When the time comes that you finally need to make a repair, having the parts required to get the job done is essential. In a preventive maintenance model, school facility teams can track and manage their parts inventory to ensure that a missing part never bottlenecks a work order.
How to Create Your Year-Round PM Schedule
Here are the steps you need to take to develop an effective preventive maintenance program in your K-12 district.
Determine Which PM Schedule to Follow
First off, there are two kinds of PM schedules—a fixed schedule and a floating schedule. How you plan your schedule has a significant impact on how your facility teams conduct maintenance.
Fixed PM Schedule: Fixed preventive maintenance scheduling is when regular maintenance is scheduled at a certain time or usage interval, regardless of when you conducted maintenance last. For example, using school facility management software, you could set up an automated work order to occur for a specific asset each Monday at the beginning of the week.
A fixed PM schedule doesn’t give teams greater flexibility with their maintenance efforts. However, it does ensure that district assets are constantly being checked on——regardless of how busy your schedule gets during the school year.
A fixed PM schedule is best used for lower-priority district assets like lighting fixtures, classroom doors, etc.
Floating PM Schedule: A floating preventive maintenance schedules new work orders based on the time the previous work order was completed. These tasks do not have a specific date attached to them. Instead, the date of the work order changes depending on an asset’s maintenance history or past usage.
In a floating PM schedule, preventive maintenance work orders aren’t automatically triggered the way they are in a fixed schedule. If a work order is incomplete, it will remain open until the repair is finally made.
A floating PM schedule gives school technicians greater flexibility to monitor and conduct regular maintenance on critical district assets like plumbing and electrical systems.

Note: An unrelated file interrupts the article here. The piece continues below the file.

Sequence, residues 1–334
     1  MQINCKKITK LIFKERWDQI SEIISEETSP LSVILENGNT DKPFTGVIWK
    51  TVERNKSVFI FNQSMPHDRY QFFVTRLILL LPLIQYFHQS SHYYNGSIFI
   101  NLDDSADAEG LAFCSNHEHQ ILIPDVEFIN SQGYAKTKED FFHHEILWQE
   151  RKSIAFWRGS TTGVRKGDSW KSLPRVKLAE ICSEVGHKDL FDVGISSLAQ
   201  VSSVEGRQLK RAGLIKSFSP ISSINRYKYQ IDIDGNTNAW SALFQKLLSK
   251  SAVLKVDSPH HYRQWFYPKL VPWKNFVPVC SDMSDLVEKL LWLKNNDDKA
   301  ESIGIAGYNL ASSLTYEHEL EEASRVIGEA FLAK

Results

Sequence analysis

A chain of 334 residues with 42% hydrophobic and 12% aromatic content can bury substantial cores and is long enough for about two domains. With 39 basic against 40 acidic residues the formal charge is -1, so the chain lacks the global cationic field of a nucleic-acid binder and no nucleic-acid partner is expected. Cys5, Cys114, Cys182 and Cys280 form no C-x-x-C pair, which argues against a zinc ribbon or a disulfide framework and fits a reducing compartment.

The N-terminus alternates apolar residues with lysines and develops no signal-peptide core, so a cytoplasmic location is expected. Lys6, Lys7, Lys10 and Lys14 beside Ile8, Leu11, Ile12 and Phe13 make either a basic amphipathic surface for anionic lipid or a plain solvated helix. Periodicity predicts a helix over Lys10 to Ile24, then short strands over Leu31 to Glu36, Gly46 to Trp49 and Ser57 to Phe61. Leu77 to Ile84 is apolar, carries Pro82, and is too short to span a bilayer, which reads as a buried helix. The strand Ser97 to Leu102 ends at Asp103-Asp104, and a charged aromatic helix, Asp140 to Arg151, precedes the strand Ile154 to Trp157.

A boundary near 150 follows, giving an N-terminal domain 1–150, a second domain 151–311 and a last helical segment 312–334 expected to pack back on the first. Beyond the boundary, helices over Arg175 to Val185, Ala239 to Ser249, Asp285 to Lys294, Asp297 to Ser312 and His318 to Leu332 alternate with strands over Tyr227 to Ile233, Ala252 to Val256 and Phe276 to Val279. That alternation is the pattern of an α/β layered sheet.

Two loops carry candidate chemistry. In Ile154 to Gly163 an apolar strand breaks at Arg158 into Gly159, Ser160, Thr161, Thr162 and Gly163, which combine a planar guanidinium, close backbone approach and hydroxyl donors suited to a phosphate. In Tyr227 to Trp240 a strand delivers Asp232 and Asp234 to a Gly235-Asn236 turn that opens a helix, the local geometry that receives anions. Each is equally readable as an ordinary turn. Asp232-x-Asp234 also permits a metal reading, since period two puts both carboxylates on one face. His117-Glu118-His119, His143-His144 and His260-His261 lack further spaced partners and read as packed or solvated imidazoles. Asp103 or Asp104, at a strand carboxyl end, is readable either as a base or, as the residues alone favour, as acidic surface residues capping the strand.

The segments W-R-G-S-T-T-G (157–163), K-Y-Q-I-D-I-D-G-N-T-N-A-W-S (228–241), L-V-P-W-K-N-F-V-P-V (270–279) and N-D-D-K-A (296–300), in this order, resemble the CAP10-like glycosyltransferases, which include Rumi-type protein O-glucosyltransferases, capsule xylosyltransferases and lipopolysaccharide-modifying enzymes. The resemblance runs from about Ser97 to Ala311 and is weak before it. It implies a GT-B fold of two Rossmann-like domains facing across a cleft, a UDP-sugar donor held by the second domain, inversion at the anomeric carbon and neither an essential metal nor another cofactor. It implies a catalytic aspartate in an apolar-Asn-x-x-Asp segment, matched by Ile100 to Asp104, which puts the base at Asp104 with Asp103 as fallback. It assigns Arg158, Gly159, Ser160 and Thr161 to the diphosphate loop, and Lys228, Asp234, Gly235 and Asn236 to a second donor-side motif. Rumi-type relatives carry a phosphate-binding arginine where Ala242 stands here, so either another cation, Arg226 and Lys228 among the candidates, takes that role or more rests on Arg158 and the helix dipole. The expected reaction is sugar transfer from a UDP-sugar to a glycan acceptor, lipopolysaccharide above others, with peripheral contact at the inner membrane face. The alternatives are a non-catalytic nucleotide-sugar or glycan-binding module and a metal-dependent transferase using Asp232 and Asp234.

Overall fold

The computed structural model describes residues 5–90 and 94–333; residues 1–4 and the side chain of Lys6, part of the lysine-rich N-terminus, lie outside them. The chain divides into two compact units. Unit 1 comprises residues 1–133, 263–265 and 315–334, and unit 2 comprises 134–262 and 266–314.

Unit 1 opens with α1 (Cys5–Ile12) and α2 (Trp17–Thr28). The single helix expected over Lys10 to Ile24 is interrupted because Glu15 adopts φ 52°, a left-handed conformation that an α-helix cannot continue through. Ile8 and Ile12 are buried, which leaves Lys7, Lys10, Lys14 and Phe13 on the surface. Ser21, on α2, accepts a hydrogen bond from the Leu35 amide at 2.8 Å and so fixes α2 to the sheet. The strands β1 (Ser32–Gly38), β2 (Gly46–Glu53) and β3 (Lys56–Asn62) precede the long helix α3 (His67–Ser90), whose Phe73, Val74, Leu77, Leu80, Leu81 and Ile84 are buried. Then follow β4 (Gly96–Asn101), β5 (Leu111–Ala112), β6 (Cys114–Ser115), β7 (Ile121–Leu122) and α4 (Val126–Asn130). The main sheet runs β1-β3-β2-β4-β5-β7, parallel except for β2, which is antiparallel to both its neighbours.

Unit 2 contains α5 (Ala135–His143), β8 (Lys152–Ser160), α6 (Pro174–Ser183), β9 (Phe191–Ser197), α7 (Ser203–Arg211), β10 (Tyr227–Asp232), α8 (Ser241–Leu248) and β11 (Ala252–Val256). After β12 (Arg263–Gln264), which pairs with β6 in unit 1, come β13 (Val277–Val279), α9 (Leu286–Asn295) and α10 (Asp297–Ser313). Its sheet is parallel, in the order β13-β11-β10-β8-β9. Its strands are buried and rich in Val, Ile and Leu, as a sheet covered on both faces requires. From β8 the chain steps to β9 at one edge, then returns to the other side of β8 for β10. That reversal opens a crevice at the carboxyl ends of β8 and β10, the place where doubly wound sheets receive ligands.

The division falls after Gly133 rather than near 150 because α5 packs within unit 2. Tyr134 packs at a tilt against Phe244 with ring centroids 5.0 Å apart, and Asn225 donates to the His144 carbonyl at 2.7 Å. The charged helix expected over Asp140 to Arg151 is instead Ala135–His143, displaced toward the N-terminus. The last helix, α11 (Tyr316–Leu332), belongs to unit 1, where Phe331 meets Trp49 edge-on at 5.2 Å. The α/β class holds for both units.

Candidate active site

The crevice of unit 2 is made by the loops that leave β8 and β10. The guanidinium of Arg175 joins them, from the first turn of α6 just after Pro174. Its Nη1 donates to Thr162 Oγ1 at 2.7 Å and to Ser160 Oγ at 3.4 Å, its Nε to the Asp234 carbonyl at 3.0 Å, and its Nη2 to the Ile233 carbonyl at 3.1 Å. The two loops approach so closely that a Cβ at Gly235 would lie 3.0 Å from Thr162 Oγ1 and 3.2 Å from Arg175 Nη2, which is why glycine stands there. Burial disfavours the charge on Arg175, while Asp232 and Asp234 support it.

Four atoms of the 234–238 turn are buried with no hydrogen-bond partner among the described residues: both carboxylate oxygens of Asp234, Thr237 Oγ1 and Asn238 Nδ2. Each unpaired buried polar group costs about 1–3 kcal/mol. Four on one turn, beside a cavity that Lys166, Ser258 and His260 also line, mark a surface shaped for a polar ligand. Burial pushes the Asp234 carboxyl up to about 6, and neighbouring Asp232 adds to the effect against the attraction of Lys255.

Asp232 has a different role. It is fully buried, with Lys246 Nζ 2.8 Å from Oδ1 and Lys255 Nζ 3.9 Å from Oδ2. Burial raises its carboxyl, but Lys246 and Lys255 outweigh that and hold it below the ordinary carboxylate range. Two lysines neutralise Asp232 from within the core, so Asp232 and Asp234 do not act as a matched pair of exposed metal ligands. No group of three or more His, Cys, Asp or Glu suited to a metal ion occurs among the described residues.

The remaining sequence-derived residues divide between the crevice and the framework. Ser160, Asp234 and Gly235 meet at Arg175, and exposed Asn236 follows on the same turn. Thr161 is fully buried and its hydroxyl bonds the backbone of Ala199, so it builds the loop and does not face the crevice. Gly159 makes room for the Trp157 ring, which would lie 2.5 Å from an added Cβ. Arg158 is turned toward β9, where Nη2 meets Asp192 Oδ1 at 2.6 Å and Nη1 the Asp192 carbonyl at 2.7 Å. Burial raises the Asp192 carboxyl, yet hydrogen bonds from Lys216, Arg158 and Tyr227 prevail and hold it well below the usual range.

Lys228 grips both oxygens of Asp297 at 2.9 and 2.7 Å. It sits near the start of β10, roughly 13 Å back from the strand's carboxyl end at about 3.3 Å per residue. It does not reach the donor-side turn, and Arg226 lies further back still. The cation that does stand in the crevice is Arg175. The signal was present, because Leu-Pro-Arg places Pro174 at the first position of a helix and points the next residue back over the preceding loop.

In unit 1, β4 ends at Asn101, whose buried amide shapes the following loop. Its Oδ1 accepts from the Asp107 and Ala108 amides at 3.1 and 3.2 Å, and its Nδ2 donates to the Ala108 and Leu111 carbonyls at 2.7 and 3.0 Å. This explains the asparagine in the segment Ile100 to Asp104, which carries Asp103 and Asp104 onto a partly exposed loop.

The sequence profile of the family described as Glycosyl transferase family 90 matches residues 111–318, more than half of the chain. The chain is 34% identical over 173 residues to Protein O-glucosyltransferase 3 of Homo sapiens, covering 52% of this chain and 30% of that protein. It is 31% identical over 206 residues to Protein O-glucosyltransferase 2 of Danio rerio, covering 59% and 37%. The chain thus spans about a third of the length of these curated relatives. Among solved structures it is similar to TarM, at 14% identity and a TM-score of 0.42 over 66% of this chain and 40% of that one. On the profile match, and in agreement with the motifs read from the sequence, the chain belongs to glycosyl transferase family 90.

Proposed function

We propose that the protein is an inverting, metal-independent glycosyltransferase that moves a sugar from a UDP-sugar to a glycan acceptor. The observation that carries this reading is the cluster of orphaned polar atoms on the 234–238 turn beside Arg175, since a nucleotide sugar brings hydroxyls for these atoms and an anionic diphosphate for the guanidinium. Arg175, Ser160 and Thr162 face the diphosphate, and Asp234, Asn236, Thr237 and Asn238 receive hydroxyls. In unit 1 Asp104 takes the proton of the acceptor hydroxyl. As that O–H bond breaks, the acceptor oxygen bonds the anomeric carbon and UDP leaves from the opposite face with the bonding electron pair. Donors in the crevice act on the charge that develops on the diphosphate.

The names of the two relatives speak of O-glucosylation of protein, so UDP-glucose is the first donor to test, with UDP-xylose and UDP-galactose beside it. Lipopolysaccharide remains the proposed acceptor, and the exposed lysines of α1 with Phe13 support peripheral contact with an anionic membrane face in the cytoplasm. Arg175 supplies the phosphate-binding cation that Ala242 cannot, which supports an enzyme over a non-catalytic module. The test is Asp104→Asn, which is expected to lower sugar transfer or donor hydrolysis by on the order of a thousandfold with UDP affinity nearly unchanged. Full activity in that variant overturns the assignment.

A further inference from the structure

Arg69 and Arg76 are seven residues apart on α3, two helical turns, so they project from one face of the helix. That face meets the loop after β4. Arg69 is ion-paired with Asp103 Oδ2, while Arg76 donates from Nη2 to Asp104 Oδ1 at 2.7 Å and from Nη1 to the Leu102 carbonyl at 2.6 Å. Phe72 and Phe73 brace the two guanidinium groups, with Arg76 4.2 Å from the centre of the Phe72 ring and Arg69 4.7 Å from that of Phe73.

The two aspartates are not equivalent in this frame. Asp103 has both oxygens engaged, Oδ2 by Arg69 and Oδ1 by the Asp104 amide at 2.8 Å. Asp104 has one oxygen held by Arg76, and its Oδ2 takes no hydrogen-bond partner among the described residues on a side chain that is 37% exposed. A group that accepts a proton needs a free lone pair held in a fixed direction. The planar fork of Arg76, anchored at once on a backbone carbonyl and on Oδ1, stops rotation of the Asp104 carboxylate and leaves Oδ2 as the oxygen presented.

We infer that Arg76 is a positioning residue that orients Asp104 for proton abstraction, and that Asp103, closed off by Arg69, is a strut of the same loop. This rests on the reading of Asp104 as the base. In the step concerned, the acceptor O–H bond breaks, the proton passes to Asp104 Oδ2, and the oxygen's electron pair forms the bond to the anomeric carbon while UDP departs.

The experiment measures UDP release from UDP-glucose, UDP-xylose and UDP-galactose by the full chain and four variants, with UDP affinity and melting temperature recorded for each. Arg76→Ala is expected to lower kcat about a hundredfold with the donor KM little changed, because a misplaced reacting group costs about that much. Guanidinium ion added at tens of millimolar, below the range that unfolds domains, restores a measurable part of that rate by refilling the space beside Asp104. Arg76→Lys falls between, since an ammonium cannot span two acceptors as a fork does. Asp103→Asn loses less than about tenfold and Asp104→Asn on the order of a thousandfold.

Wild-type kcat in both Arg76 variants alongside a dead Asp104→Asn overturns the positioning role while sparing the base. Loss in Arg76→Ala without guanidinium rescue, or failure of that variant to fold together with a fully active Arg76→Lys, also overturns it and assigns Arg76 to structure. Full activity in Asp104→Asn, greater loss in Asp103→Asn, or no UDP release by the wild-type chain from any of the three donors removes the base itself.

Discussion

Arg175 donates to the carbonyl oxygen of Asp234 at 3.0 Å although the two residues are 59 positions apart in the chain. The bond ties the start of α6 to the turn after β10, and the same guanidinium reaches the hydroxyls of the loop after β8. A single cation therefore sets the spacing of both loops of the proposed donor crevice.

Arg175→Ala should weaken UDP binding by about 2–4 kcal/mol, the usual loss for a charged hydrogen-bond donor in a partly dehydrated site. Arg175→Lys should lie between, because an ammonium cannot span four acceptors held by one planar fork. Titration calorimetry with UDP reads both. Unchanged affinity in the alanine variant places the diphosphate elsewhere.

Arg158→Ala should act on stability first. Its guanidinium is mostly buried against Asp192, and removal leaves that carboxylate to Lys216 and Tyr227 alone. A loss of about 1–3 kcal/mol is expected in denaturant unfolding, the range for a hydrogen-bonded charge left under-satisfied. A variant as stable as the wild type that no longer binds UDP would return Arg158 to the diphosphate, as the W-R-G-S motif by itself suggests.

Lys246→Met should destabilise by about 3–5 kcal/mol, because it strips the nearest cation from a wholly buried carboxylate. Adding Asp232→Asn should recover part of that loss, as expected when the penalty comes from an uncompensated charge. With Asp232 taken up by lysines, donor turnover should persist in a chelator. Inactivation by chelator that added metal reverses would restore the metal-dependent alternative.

Identify and Prioritize Your Assets
When you’re first planning or transitioning to a preventive maintenance workflow, it is advised that you prioritize your district’s most critical assets first.
These “critical assets” include:
- Assets that are vital to your school’s physical infrastructure
- Assets with high rates of failure that can be prevented with regular maintenance
- Assets with high repair and replacement costs
- Assets that are increasingly likely to fail over time
For example, a school’s HVAC system would be considered a critical asset because it’s expensive to repair and is necessary to maintain a safe and work-friendly learning environment for K-12 students, teachers, and staff.
Here’s another tip: As you first start rolling out your preventive maintenance plan, try it out on newer assets at the beginning of their lifecycle. Conducting regular maintenance on assets that are starting to fail isn’t an efficient use of your time.
Collect & Analyze Asset Repair Histories
Once you’ve identified your district’s most critical assets, you need to develop a solid understanding of their service history.
Take the time to learn how often critical district assets have needed repairs and the type of repair that was needed. Gathering historical data on your assets’ repair histories gives school facility teams additional insights on which assets need to be prioritized for regular maintenance.